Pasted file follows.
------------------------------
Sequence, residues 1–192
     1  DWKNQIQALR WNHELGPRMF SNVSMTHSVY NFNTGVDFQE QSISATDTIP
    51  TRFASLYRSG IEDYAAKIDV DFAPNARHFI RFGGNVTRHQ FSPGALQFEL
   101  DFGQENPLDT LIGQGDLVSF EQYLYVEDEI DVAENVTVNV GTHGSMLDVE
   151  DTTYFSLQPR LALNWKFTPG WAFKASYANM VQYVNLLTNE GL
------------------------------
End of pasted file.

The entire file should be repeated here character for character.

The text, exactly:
Sequence, residues 1–192
     1  DWKNQIQALR WNHELGPRMF SNVSMTHSVY NFNTGVDFQE QSISATDTIP
    51  TRFASLYRSG IEDYAAKIDV DFAPNARHFI RFGGNVTRHQ FSPGALQFEL
   101  DFGQENPLDT LIGQGDLVSF EQYLYVEDEI DVAENVTVNV GTHGSMLDVE
   151  DTTYFSLQPR LALNWKFTPG WAFKASYANM VQYVNLLTNE GL